Cape Town - More South Africans believe their “vote will make no difference” compared to the previous two elections, says a recent survey by the Human Sciences Research Council (HSRC).
But despite their pessimism, 79 percent of South Africans feel it is important to vote.
The HSRC has been running a yearly survey since 2003 on the attitudes of South Africans.
The latest survey released on Thursday is based on interviews with 2 885 respondents aged 16 years and older, who are living in private homes.
The HSRC found close to half or 46 percent of adult South Africans interviewed did not believe their vote would make a difference to electoral outcomes.
“Looking at trends over the last decade… beliefs in the efficacy (of voting) going into the 2014 national and provincial elections is significantly lower than in the lead-up to the 2004 and 2009 elections,” wrote researchers Jarè Struwig and Benjamin Roberts in their report.
Prior to the 2004 elections 35 percent of those surveyed felt their vote would not make a difference and before the 2009 election 36 percent held the same belief.
Since 2010 the percentage of people who doubted the efficacy of their vote increased from 39 percent to 46 percent last year.
The survey found 41 percent agreed with the statement: “After being elected, all parties are the same, so voting is pointless” and 43 percent agreed “voting was meaningless because no politician can be trusted”. The report noted in the case of both indicators, the proportion of those critical of elected officials and politicians increased by approximately 10 percentage points relative to pre-election survey rounds in 2003 and 2008.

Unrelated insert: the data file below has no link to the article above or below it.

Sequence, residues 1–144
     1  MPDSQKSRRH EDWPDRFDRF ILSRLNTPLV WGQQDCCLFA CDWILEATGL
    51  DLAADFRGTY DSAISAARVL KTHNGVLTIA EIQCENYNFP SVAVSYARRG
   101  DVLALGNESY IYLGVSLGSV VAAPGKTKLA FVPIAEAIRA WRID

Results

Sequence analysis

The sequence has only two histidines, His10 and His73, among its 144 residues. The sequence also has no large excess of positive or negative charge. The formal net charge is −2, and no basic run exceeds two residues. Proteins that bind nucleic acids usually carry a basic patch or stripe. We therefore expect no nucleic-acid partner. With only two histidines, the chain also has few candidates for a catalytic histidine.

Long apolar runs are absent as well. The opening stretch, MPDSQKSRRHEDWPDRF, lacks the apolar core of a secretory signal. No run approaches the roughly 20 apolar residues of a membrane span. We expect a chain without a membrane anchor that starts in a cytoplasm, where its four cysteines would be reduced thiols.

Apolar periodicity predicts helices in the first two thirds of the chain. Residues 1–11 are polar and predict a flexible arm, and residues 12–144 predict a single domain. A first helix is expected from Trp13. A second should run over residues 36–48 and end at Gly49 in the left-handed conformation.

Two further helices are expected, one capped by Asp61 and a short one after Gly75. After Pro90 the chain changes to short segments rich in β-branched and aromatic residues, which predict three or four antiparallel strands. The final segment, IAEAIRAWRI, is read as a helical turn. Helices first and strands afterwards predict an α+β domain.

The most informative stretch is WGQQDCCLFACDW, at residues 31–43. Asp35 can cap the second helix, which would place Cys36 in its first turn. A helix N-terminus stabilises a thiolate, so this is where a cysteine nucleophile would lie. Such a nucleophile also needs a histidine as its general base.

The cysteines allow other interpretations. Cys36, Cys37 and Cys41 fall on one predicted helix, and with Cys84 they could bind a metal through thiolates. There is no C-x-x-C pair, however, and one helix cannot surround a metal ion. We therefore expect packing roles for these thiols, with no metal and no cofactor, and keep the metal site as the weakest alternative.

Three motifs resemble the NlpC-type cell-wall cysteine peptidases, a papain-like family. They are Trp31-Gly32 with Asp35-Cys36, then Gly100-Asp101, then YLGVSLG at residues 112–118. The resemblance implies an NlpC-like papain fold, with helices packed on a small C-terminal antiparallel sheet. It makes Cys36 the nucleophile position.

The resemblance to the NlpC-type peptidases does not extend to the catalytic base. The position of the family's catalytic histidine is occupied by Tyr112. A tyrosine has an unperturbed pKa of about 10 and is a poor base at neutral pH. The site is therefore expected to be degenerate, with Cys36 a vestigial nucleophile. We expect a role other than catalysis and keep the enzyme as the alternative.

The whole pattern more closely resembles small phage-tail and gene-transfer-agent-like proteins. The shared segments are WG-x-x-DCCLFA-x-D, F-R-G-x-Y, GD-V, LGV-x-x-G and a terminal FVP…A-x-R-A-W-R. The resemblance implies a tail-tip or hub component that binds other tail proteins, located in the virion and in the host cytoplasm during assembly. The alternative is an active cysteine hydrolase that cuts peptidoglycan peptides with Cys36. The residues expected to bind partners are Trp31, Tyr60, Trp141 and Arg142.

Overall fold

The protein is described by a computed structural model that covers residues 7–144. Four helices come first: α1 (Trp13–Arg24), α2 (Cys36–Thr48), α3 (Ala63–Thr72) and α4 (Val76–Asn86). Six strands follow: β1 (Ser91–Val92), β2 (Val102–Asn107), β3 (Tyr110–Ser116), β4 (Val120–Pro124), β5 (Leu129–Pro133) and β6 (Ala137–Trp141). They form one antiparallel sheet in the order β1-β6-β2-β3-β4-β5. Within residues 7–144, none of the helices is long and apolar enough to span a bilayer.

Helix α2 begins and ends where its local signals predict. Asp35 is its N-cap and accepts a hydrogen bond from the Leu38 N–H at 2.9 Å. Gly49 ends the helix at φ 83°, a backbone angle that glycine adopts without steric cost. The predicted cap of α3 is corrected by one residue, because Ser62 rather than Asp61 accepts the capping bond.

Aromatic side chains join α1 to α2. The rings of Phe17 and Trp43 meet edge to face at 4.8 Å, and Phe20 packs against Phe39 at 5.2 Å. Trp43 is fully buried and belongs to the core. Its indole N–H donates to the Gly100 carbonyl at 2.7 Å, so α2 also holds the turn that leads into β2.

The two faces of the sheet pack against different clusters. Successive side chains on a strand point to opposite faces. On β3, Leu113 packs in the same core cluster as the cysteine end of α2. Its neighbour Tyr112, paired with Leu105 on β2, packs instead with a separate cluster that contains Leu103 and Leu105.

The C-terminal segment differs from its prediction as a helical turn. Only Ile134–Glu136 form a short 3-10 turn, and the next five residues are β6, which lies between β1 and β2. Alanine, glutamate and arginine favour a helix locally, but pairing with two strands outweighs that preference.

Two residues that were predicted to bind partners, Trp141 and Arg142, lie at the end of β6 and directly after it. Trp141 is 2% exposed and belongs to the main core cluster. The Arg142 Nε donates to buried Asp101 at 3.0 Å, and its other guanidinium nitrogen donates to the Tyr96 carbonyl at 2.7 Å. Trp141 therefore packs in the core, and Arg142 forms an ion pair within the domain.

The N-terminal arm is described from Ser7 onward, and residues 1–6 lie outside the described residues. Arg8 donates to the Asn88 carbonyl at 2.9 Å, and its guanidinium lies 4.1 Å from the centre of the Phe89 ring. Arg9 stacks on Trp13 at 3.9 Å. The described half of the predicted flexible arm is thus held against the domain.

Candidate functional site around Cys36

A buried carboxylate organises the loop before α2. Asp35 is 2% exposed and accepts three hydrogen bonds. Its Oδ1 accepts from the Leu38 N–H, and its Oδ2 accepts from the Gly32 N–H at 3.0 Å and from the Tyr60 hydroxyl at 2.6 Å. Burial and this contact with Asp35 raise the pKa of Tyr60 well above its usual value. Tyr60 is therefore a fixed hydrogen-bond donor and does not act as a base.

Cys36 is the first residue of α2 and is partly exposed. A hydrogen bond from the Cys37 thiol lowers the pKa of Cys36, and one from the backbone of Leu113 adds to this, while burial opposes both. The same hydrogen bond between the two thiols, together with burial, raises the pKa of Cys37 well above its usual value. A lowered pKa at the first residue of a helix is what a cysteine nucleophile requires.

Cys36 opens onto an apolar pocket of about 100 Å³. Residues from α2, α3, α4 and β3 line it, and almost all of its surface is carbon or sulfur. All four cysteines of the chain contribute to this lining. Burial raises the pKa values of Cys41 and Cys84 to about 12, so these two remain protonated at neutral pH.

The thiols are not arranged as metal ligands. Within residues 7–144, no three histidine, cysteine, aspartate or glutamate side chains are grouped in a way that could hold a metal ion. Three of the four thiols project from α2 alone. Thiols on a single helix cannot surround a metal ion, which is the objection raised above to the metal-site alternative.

Political analyst Susan Booysen, from Wits University, said the survey findings confirmed her own research that showed a growing number of people had “severe condemnation of the efficacy of one of the pillars of our democracy”.
“This disdain and rejection of politicians are the reason why there are more protests in communities,” Booysen said.
She said South Africans still have a “love affair with elections” and that is why large numbers of people still vote despite the growing disbelief in its efficacy.
“Most still vote in celebration of 1994 and also possibly in hope that their vote will still bring about change,” Booysen said. The survey found younger voters’ views on voting were not considerably different from older generations.
Trust of politicians is the highest among 18- to 19-year-olds (66 percent) while distrust of politicians is the highest among 30- to 49-year-olds (48.2 percent).
The survey noted that among racial groups, the belief that their vote would not make a difference was the highest among coloured voters.
Altogether 53.47 percent of coloured voters and 47.36 percent of African voters believe their vote would not make a difference and only 25.5 percent of white South Africans shared the same view.
It found 51 percent of people expressed discontent with democracy, while only 33 percent were satisfied with the way democracy was working. This reflected a complete reversal of 2003 results.
Political analyst Amanda Gouws, from Stellenbosch University, said dissatisfaction of voters and disbelief in the efficacy of their vote showed how disempowered people felt and it was a “wake-up call for politicians”.